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Tsunami of Grief:

How to Respond When No Response Seems Appropriate

By Larry Stoler, Ph.D
WholeHealth Chicago Integrative Clinical Psychologist

The news that 20 elementary school children and seven adults were murdered in a Newtown, Connecticut, school spread through our offices like wildfire. We’re all still coping with grief, shock, disbelief, and outrage. Our hearts reach out to the families whose children were killed and to all who lost loved ones. Among the things we know for sure is that when a tragedy like this strikes, a wave of grief and loss envelopes people near and far even as the heartbreak re-opens old wounds in some with no direct connection to the Newtown families.

I’d like to share some thoughts about dealing with this unimaginable news and its aftermath. But first a word about context. The idea that an armed young man can break into a school and kill so many is shocking and terrible. That this took place in an elementary school in an upper middle class white suburb threatens to dismantle the notion of safety for many people, and yet in many of our cities it’s part of everyday life. Children are killed by gunfire near schools, on their front steps, walking down the street with their friends, even attending the funerals of loved ones who were murdered.

This is the world we are creating.

Thankfully, many of us don’t have to personally deal with such tragedies regularly, or ever. But we do have to cope with the impact of learning about such events, and we need to know how to respond. Here are a few suggestions:

  • Stop and observe your breath. This connects you to your life force, and ultimately to all of life. Share this skill with your children.
  • Allow yourself to fully experience the feelings you’re having. Feel what’s happening in your body. Next observe your thoughts, opinions, and interpretations, being a kind and compassionate observer of these feelings. Then set them aside for the moment.
  • Now remind yourself of the beauty in the world. Look at the face of someone you love, appreciating in a new way the beauty of who they are. Remember a beautiful place in nature that you’ve visited or seen a picture of…or actually get yourself out into nature. Surround yourself with this beauty.
  • Once you’ve gathered yourself in this way, you’ll be better prepared to respond to those around you.

Here are some ideas on responding to your children’s concerns:

  • Begin by really listening to the questions and comments they have. What is it they’re truly concerned about? Younger children may be worried about you and your upset, and they usually want concrete reassurance that their home, school, and teachers are safe.You can tell them they are safe. You can also tell them you feel sad for those who are suffering right now.
  • Your children may experience nightmares or have trouble sleeping. These are natural responses and usually pass. In general, support your children in their own feelings and reactions.  Hug them and tell them you love them.  Encourage them to express themselves through drawing or dance.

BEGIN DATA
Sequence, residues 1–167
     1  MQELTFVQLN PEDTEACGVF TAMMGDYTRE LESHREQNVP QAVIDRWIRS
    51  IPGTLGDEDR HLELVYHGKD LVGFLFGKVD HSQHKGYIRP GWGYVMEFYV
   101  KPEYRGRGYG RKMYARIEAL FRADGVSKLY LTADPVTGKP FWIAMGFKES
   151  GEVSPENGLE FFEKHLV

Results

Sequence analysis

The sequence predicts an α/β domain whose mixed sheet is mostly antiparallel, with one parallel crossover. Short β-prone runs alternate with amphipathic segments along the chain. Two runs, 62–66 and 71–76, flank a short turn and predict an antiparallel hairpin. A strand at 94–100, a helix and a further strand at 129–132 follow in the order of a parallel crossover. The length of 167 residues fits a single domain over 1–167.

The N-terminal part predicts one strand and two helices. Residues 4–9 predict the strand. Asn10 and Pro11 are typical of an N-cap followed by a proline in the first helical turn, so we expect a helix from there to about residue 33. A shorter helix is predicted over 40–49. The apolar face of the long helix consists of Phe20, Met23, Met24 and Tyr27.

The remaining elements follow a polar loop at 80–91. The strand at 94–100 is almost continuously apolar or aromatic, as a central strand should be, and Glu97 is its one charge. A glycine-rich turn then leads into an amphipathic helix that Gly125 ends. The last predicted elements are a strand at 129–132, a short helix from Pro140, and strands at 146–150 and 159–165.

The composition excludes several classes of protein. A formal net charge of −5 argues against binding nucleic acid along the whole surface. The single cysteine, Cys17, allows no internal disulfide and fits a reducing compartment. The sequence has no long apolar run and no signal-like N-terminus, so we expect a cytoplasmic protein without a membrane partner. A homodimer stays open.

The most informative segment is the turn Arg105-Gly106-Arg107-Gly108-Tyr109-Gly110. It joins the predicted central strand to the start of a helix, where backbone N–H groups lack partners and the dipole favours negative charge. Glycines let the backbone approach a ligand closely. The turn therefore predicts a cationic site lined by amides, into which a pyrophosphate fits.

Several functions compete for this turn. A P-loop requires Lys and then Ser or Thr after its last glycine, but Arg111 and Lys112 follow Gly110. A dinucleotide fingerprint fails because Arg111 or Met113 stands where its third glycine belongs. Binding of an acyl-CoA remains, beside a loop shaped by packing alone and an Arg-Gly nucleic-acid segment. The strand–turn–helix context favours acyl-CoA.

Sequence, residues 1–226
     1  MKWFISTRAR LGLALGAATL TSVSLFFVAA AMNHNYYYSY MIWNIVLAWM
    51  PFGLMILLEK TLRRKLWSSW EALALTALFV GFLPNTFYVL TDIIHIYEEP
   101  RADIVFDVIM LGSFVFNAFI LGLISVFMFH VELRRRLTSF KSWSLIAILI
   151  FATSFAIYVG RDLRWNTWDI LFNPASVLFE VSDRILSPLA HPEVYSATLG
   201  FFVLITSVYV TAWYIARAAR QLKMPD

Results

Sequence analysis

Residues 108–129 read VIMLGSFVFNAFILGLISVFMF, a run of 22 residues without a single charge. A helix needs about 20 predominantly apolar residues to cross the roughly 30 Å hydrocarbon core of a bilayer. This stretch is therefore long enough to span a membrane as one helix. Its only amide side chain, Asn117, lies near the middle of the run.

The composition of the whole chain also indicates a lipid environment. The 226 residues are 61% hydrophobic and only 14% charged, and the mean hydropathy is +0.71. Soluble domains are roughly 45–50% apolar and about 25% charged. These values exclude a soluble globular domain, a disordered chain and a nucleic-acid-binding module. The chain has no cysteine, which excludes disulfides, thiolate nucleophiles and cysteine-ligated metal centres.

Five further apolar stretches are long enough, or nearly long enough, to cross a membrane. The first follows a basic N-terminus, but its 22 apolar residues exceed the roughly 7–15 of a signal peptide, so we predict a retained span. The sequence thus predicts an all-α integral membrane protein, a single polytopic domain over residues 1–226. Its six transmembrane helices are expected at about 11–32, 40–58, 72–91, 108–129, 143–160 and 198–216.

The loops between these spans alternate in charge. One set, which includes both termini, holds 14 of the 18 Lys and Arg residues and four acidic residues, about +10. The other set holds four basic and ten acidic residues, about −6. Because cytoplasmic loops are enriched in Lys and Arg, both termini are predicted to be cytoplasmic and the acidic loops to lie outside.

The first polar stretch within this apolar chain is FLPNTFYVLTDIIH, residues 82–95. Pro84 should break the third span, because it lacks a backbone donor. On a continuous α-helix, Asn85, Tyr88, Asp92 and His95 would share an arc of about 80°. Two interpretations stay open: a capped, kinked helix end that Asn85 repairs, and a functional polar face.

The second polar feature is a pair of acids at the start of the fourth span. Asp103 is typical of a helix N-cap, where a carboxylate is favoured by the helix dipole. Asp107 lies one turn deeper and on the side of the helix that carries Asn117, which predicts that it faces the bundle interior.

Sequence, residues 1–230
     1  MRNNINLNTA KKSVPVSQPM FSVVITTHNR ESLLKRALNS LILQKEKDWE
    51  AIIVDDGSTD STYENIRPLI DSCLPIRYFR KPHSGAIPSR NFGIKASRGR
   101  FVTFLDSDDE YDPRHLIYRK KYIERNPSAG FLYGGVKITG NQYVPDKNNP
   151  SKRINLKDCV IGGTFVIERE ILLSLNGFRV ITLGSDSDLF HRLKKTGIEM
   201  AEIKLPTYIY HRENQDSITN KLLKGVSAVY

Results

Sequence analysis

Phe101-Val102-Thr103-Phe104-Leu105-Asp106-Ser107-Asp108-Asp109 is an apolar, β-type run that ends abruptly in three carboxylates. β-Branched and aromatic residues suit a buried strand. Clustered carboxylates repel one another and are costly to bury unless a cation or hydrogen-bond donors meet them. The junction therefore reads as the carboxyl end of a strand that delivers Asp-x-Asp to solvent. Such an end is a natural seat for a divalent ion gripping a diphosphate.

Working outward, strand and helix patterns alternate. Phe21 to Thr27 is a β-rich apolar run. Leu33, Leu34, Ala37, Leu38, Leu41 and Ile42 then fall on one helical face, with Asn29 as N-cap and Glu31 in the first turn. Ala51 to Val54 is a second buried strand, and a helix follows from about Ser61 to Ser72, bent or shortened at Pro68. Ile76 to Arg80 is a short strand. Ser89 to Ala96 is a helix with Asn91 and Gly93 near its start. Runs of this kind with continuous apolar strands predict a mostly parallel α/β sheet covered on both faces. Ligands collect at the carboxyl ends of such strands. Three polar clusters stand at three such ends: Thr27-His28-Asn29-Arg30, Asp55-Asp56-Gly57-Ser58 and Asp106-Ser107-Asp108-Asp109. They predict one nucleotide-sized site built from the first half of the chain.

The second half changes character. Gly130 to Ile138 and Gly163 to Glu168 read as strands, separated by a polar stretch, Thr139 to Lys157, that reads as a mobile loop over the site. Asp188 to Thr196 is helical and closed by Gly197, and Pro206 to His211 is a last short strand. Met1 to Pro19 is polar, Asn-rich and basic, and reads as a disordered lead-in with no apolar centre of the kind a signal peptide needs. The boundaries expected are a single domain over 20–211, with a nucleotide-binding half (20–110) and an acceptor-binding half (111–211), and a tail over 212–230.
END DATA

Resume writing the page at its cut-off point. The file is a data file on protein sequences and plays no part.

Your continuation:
• Children (and most adults) aren’t prepared to deal with a constant stream of bad news. And yet many of us permit ourselves to be bombarded with disturbing information, especially after a horrifying event like the school shootings. Remember that even young children hear the radio, TV, and computer (including when they’re in another room). Make a choice to turn off the news and turn on some beautiful music. Or, simply listen to the quiet.
  • Older children often have their own access to news through phone or computer, the information streaming in from their friends via social media not always reliable and often not comforting. This is a good time to teach your children about the hazards of overexposure to social media and a constant barrage of news. Set an example by not constantly leaving on your phone, radio, TV, or computer in order to limit the amount of bad news coming into your life.
  • Alongside this terrible tragedy, help all your children grasp the bigger picture, the powerful healing response pouring in from all over. Look for stories about this and share them with your children. Encourage them to write down their thoughts or to write their own stories. Light a candle.
  • Finally, look for actions you and your family can take to help others.

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DIAGNOSE-IT-YOURSELF: COVID-19

Far and away, the commonest phone call/e mail I receive asks about COVID-19 diagnosis.
Just print this out, tape it on your refrigerator door, and stay calm.

ALLERGIES

• Runny nose
• Sneezing
• Red, swollen eyes
• Itchy eyes and nose
• Tickly throat
• No fever

COLD
• Runny nose
• Sneezing
• Sore throat
• Mild muscle aches
• Mild dry cough
• Rarely a low fever

STREP THROAT
• Painful sore throat
• Hurts to swallow
• Swollen glands in neck
• Fever

FLU (Standard seasonal flu)
• Fever
• Dry cough (no mucus)
• Sudden onset over few hours
• Headache
• Sore throat
• Fatigue, sometimes quite severe
• Muscle aches, sometimes quite severe
• Rarely, diarrhea

CORONAVIRUS-COVID 19
• Shortness of breath
• Fever (usually above 100 degrees)
• Dry cough (no mucus)
• Slow onset (2-14 days)
• Mild muscle aches
• Mild fatigue
• Mild sneezing

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